If you invest in stocks, you must consider small caps.

Wait a minute. That's not personal investment advice. That's Wall Street's worst-kept secret: Over the long run, small-company stocks outperform their mid- and large-cap peers, so smart investors own them. Period.

It's only what you need
I know you're serious about this; otherwise, you wouldn't still be reading. And you want an edge. We all do. So, why make this difficult? Investors who make the most over the long term buy common stocks.

At least they have since Ibbotson Associates started keeping tabs back in 1926. Investors who make even more buy small caps, also according to Ibbotson.

So, the way I see it, we have a few choices. We can take a chance on a small-cap fund that keeps its costs in check. We can buy a low-cost small-cap exchange-traded fund (ETF). Or we can start building a small-cap portfolio of our own.

You're a Fool ... and so am I
Of course, we favor the do-it-yourself approach. Well, sort of. You see, I'm a small-cap investor myself, but I also have the occasional cup of joe with Tom Gardner, who digs up well-run small companies for his subscribers at Motley Fool Hidden Gems -- and he never shuts up about it.

And you know what? I can admit that Tom is putting together a decent portfolio of small caps I probably wouldn't have built on my own. What's his advantage? I think it's that Tom focuses on value, while I tend to focus a bit too much on story.

Yet for all our differences, Tom and I do look for the same things in great small companies. (Maybe he just looks harder?) After all, it's not like it's a system either one of us invented. Smart investors have always looked for...

  1. Solid management with significant stakes.
  2. Great, sustainable businesses.
  3. Dominant positions in niche markets.
  4. Sterling balance sheets.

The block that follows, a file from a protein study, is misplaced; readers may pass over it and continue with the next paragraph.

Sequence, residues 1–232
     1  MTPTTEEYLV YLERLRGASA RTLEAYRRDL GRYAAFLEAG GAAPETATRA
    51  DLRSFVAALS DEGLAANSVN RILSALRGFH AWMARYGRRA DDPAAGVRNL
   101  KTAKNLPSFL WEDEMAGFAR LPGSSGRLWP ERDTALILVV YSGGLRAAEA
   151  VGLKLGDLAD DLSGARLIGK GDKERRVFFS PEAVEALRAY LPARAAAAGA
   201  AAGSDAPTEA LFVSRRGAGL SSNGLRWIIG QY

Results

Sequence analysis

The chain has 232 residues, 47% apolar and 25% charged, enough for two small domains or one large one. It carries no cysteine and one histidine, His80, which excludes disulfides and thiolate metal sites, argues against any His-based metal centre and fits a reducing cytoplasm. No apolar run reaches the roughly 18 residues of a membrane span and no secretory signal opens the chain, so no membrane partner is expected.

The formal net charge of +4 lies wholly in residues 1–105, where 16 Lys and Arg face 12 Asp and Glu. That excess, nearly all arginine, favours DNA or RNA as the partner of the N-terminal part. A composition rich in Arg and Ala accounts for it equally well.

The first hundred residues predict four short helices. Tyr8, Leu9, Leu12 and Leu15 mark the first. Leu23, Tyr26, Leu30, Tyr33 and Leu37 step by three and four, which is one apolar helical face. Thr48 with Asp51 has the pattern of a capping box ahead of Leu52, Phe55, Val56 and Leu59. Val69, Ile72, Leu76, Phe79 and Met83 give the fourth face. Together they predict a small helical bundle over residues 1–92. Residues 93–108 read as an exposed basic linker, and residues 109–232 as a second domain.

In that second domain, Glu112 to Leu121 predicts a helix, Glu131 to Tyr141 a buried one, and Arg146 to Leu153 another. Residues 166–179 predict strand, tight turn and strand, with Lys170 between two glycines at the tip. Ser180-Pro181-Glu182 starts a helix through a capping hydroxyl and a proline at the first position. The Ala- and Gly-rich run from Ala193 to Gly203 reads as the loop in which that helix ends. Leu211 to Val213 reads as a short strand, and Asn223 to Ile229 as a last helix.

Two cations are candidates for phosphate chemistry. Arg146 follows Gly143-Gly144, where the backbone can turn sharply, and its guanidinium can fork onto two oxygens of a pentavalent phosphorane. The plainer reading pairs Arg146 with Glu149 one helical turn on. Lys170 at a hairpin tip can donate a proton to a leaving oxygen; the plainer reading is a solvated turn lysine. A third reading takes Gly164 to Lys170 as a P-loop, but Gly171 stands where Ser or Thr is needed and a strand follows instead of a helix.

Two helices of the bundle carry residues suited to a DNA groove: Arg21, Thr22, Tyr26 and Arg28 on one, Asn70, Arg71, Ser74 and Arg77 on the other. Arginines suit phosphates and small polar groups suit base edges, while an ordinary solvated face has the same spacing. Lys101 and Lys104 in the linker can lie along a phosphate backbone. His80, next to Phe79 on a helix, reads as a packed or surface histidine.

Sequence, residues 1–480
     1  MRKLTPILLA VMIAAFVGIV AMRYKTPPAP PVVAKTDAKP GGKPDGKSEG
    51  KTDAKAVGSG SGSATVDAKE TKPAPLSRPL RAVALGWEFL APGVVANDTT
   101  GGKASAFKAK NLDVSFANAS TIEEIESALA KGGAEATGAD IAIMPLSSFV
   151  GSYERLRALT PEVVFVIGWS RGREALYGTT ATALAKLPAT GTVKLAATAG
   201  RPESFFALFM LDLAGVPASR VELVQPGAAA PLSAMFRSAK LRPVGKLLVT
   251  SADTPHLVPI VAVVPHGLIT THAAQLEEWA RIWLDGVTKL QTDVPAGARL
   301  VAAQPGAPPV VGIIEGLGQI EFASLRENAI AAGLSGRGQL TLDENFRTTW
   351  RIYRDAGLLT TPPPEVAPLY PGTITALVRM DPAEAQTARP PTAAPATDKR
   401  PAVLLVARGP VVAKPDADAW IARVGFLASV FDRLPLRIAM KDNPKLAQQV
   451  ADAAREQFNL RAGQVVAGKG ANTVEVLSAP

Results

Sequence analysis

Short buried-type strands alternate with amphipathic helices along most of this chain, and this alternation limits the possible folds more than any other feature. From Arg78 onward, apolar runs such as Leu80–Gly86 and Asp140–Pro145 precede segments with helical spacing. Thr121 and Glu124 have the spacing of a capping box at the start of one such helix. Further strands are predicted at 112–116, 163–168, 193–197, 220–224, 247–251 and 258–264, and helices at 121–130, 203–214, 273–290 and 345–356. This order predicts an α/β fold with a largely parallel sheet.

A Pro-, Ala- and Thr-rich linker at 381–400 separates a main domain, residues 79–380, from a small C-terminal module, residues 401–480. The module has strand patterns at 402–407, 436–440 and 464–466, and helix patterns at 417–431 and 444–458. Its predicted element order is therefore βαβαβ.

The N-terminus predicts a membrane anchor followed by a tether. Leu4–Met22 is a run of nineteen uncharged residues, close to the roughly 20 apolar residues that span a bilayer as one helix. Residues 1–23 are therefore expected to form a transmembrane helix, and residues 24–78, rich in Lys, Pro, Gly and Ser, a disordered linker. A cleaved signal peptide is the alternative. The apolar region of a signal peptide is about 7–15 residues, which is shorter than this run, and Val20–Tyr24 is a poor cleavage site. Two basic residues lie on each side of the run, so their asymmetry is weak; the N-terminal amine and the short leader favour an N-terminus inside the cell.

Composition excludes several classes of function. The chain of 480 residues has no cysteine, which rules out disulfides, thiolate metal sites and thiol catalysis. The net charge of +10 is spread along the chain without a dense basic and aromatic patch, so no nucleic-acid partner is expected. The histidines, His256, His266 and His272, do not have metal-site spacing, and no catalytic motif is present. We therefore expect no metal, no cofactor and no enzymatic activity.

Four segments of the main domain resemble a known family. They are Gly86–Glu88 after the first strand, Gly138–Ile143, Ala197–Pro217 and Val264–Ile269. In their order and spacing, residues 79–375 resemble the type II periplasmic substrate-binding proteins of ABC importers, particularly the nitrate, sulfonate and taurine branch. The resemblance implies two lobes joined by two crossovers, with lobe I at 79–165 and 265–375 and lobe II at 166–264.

5. Strong free cash flow.

I know it's hard to imagine, but these same traits gave early investors the courage to buy into John Chambers' vision for Cisco (NASDAQ:CSCO) in the early '90s and to follow Andy Grove into Intel (NASDAQ:INTC). I don't have to tell you that both were blowout investments.

Good work if you can get it
I know what you're thinking: Who in his or her right mind wouldn't want a portfolio filled with stocks like that -- at least when the companies are on the rise? And you're right. That's why it's so hard to beat the pros with those same stocks today -- if they're really all that now, everybody knows it.

So what's the alternative? Taking a chance on some fly-by-night outfit? Good point. But notice we're talking about heavily followed, large-cap stocks, not "well-known" companies. To see the distinction, here's another example from Tom Gardner.

Back in August 2003, one of Tom's analysts recommended CNS (NASDAQ:CNXS), the guys who make the Breathe Right nasal strips that football players made famous. I discussed the company myself in February 2004. The stock was a winner -- even before drug giant GlaxoSmithKline (NYSE:GSK) swept in with a 30% premium buyout offer this morning.